Skip to main content

A short walk in the Kingdom with Dallas Willard

Earlier this week, I listened to a podcast of Dallas Willard talking about the "Kingdom of God as Reality" (which I got off Keith Gile’s sidebar) and I had the quite unexpected yet pleasant sensation of suddenly coming to the top of a hill to see spread before me the woods and fields in which I’ve lived, being struck once again by its momentarily-forgotten yet stunningly familiar and breathtaking beauty, and taking the chance to simply look it over and soak it all in.

Heh, not that I’ve even come close to seeing the Kingdom as well as Willard does. I’ve been reading Willard for 15 years or so and got to hear him and Richard Foster speak at a Renovare event years ago—and one thing among many I’ve learned is that Willard’s been in the Kingdom much longer than I and knows its reaches far better. My hill top incident is pretty much a simple vista over some of the far corners and crevices of the Kingdom, but ones that are starting to feel like home.

As I listened to Willard, I couldn’t help jotting down a few phrases and concepts that really resonated with me, some because I’d almost forgotten them and some because they’ve become truths that are sinking their way into my heart--but all worth hearing once again:

The Kingdom has always been and will always be. I first ran across this simple truth in The Divine Conspiracy. I used to (and still slip up sometimes) talk about Jesus ushering in the Kingdom of God, but God’s Kingdom is actually eternal with Jesus giving us entrance into it once again. I need to be reminded that this is an eternally ancient, now and still-to-be place in which I live.

When Jesus talks about the Kingdom being at hand, he means it’s here now. I enjoyed Willard’s simple image in this podcast of how we can understand the calls of John the Baptist and Jesus, “Repent, for the Kingdom of the heavens is at hand.” It is as if, says Willard, we are walking through a building with someone who tells us at the threshold of the room we are seeking, “Turn around, the room is right here.” There is no space or distance to travel, no preparations to make. We simply change our direction and walk in.

The Kingdom is available to us where we are. This concept was probably as revolutionary to me when I first heard it years ago (and remains even now) as it was to the people listening to Jesus when he spilled out the Beatitudes and the Sermon on the Mount. “Those of you who are at the end of your rope, aching with loss, yearning for right-ness and peace, hungry for God, persecuted—the Kingdom is for you,” says Jesus (paraphrasing the beginning verses of Matt 5). Wow.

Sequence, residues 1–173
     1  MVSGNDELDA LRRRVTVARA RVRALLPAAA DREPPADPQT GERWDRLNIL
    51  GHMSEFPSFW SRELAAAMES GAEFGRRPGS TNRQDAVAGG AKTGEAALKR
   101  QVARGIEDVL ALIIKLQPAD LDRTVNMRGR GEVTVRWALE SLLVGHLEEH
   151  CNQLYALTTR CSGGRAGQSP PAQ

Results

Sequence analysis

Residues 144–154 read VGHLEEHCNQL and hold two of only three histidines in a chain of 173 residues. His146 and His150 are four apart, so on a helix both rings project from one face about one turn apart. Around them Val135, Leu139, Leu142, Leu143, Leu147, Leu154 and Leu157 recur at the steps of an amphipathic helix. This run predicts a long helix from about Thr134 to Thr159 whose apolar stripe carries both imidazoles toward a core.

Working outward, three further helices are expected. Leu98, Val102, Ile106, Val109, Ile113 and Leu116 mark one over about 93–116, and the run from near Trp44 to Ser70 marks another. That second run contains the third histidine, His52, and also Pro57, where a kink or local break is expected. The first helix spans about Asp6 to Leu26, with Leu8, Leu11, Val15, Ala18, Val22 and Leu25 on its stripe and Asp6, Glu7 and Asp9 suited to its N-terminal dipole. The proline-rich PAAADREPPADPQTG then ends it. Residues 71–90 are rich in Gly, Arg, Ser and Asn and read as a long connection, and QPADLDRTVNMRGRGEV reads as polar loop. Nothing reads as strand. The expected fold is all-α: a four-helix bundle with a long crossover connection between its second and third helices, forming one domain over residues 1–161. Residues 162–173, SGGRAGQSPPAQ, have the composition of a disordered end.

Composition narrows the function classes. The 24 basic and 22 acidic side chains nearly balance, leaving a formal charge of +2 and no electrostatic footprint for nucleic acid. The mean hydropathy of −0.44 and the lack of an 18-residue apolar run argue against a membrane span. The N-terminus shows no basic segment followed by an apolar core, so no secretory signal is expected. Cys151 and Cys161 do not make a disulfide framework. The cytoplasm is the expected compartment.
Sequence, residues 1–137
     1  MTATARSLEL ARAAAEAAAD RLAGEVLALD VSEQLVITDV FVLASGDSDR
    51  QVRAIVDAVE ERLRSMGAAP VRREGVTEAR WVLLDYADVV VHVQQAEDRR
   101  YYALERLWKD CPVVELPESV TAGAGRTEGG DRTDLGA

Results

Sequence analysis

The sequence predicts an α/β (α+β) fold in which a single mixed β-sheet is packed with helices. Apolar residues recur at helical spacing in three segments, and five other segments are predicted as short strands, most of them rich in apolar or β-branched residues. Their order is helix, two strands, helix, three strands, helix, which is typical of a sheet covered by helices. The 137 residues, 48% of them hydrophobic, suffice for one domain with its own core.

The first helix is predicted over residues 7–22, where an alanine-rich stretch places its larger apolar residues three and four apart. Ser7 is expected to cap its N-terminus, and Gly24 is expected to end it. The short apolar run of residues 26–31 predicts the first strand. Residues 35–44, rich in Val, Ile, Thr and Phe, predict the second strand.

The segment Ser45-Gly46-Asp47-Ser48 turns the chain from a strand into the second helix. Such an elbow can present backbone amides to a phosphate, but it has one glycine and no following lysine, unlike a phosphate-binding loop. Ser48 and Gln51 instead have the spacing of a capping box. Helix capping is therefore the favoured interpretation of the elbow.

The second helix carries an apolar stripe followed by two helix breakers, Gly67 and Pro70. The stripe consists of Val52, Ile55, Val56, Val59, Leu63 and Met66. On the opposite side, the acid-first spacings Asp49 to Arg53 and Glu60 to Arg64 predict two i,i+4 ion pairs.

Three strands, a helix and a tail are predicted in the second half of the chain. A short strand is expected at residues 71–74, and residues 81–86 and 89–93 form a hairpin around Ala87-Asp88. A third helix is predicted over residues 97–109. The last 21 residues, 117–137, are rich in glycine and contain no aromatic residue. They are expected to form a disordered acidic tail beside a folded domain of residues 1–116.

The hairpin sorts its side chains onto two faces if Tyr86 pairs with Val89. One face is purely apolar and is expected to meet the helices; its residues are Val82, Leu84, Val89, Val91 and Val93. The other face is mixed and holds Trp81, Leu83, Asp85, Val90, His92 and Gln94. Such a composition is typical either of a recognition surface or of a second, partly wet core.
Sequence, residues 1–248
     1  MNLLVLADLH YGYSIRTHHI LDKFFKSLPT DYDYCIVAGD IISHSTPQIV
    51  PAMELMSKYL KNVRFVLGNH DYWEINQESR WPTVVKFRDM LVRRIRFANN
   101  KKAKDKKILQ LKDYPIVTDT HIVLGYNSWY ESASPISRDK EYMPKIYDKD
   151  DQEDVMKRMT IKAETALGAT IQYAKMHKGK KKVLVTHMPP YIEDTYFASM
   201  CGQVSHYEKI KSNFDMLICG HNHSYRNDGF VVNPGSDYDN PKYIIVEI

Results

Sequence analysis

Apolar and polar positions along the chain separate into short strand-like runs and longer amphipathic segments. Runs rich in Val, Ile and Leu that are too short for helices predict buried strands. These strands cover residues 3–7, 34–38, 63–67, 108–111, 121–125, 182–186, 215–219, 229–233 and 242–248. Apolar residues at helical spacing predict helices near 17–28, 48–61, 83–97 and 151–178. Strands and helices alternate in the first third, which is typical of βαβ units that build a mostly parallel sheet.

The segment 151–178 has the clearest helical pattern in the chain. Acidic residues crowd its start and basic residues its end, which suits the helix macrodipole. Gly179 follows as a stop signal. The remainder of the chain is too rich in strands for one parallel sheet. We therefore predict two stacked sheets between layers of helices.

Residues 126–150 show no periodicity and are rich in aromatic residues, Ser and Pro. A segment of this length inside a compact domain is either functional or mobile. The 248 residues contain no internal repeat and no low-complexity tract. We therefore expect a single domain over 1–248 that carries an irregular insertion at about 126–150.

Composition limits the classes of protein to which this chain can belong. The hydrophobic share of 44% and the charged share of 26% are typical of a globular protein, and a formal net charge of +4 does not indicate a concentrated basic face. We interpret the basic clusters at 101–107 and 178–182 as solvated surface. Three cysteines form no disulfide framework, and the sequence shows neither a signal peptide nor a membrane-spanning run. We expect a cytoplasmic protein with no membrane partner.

“The Kingdom is God acting . . . God in action;” it is the “habitation of God.” This is beautiful to me because reaffirms that the Kingdom is active, moving onward and outward, full of purpose, creation, exploding love and life. And it reminds me that I stand and walk in the dynamic Presence.

Living in the Kingdom is “walking with God” which is the sensing, invoking, and counting on God’s presence in all we do. I like this description of walking with God. Too often, that concept is reduced to a phrase we have difficulty explaining, but Willard brings it tightly in to focus, revealing its purposeful detail that reminds me how I am living in this place called the Kingdom.

God in his “loving, creating will” makes “loving, creating wills” (us), creating a group of loving, creating wills in a loving community. I love the way Willard reminds us that God making us in his image not only connects us to himself but to others, too. That’s inherent in Kingdom life, this walking with God and others. They are simultaneous, and they are intricately intertwined.

These are only a few of the things Willard touches on, but they were wonderful landmarks for me. If you have the time in the busy holiday season, I highly recommend this short walk with Willard.

(Image: mine)


Don said…

I discovered your blog a month ago. Excellent. Share your love of movies, Dallas Willard's and Renovares vision of the Christian experience, and the perspectives of someone who lived for a while in the South. Troy, AL and Jackson, Ms, and MS Gulf Coast.
Now in AZ.

Thank you for sharing with us.

Carmen Andres said…
don, thanks for your words - and, heh, here's another connection: i grew up in AZ. i love the desert and, even though i enjoyed the South and am enjoying Virginia, i miss it tremendously. hope you are enjoying it!